Lila: In the first meeting, We got to meet some experienced volunteers and they explained that volunteers get to learn from other students and build a sense of community by working together on projects and helping out at the library. On that same day, I was taken around the library and shown the basics of being a volunteer. There was a lot to learn but it was all exciting at the same time.

What advice do you wish you had known before you started volunteering?

Lila: “It’s really important to check your emails and be active on it.” When I first started at the library, I wasn’t checking them every day but I really wish I had because I know they give all of the information on emails about programs, meeting times, and anything relating to volunteering.

What are Teen Council meetings?

Lila: The meetings are every Sunday from 4-5 p.m. Normally we talk about what we’ve been up to and any project ideas we have, or what we want to work on next. The Teen council meeting before the pandemic was on a weekday, a few hours after school, and it was the same as now just in person.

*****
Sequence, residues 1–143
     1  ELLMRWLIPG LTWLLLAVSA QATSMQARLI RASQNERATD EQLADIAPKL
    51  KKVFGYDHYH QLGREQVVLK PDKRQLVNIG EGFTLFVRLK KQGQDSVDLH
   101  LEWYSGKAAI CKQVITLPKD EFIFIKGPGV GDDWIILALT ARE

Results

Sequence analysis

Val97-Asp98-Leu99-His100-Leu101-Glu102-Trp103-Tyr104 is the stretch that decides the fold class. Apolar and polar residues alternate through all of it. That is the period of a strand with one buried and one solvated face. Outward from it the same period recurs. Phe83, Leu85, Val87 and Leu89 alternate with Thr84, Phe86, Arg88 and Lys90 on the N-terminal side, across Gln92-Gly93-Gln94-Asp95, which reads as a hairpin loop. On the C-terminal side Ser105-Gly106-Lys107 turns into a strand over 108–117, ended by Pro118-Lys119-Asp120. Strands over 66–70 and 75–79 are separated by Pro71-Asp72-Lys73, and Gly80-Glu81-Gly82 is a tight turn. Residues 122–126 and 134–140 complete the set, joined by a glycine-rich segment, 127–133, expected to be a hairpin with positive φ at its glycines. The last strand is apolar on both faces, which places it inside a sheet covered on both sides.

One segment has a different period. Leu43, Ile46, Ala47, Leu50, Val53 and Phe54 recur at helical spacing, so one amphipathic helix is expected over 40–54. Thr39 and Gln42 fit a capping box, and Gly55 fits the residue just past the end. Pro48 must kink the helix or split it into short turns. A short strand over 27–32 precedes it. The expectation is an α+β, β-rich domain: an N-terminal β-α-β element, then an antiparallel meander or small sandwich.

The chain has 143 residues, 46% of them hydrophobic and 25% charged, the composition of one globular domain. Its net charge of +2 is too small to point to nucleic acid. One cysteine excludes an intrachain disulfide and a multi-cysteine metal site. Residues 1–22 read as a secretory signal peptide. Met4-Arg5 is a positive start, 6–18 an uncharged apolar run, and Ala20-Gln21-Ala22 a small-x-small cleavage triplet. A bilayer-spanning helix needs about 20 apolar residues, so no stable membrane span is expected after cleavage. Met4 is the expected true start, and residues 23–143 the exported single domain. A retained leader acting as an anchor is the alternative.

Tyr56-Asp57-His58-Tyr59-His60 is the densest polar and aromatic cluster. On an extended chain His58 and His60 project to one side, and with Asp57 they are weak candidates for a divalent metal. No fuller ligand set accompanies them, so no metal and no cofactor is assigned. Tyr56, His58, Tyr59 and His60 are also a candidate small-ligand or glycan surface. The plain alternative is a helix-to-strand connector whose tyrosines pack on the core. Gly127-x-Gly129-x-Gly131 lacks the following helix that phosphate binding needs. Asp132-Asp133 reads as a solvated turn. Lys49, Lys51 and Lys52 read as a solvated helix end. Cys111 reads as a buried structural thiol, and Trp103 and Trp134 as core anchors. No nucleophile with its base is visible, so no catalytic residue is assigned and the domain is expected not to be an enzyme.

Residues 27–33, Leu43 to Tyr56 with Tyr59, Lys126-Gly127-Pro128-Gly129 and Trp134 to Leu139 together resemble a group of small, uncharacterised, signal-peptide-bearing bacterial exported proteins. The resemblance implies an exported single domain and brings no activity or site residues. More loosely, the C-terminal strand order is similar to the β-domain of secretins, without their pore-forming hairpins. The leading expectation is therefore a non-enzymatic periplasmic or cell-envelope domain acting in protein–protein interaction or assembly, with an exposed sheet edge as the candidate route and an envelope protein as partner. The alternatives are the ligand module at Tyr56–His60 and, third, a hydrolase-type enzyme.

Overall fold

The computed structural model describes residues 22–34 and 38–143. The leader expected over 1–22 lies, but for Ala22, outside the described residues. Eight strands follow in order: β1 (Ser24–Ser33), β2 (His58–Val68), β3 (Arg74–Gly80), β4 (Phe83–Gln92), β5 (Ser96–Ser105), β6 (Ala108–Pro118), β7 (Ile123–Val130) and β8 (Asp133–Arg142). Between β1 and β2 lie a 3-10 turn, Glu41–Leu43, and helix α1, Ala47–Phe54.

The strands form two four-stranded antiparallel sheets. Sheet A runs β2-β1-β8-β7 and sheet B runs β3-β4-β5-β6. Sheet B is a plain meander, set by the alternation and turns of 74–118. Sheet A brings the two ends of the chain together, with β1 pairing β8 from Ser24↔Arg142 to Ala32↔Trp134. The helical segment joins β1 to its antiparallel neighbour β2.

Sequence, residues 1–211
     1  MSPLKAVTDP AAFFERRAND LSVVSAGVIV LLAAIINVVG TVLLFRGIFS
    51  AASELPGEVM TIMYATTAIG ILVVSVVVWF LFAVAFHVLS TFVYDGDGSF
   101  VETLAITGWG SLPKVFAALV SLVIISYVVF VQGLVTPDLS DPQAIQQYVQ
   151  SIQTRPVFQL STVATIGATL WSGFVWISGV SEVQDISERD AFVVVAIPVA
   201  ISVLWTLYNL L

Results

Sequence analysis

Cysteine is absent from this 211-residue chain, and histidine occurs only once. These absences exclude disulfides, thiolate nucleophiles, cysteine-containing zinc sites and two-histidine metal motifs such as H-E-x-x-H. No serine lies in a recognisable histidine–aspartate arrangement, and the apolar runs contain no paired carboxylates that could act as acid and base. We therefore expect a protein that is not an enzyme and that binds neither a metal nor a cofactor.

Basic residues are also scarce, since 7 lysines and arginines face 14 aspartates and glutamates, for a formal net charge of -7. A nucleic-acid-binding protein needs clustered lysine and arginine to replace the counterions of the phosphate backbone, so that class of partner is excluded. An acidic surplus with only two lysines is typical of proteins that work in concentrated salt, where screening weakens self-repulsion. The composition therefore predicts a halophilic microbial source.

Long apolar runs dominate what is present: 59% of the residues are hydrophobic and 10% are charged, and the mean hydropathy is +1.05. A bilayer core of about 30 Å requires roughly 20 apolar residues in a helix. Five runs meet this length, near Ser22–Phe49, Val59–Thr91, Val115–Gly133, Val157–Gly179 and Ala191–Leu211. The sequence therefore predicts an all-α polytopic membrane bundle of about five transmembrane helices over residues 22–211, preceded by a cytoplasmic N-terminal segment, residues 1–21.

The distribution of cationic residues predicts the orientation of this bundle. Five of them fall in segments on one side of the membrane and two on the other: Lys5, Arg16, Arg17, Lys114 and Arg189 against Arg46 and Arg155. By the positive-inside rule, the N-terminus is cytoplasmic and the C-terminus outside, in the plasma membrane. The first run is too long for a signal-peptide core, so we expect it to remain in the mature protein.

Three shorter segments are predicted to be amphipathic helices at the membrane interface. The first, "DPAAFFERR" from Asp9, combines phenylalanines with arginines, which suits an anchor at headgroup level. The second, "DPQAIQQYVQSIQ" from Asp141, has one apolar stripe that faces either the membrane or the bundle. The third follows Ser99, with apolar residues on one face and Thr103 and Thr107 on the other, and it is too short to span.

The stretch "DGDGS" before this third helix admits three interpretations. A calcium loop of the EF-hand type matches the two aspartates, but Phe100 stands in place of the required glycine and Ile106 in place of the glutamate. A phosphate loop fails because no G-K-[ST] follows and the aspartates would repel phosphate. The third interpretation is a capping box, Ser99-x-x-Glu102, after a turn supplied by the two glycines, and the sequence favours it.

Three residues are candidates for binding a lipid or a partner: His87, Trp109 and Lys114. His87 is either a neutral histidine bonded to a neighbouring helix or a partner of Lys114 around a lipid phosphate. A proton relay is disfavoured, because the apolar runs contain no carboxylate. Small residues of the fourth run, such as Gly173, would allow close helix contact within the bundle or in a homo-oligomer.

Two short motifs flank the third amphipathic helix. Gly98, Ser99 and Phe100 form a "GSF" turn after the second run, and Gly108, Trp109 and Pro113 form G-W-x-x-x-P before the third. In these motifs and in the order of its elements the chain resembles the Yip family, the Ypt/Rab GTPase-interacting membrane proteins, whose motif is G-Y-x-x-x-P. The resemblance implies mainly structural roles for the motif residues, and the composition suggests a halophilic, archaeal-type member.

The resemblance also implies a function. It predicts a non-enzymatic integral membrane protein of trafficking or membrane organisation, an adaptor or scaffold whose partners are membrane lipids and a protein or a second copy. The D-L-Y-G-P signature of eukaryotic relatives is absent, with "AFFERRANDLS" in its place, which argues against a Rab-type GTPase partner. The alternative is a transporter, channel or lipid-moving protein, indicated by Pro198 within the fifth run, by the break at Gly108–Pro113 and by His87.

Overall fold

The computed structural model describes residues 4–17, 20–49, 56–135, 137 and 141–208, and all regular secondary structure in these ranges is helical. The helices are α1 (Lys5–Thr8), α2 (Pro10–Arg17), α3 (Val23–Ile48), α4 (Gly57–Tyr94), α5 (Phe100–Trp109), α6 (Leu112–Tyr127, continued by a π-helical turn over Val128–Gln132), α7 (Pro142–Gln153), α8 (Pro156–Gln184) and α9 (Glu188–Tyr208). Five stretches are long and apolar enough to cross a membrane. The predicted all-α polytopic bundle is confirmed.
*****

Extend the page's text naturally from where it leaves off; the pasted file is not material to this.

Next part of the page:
How did you learn what you wanted to do at the library?

Lila: As a group in the teen council, We brainstormed about current issues we were facing including mental health and the environment. The first project we focused on was homelessness because we felt that was the most important issue in our current situation. Our librarian Dawn, the head of teen volunteering at Robertson, helped all of us brainstorm and choose how to tackle the issues. We discuss the housing issue, research the project, and speak with advocacy groups.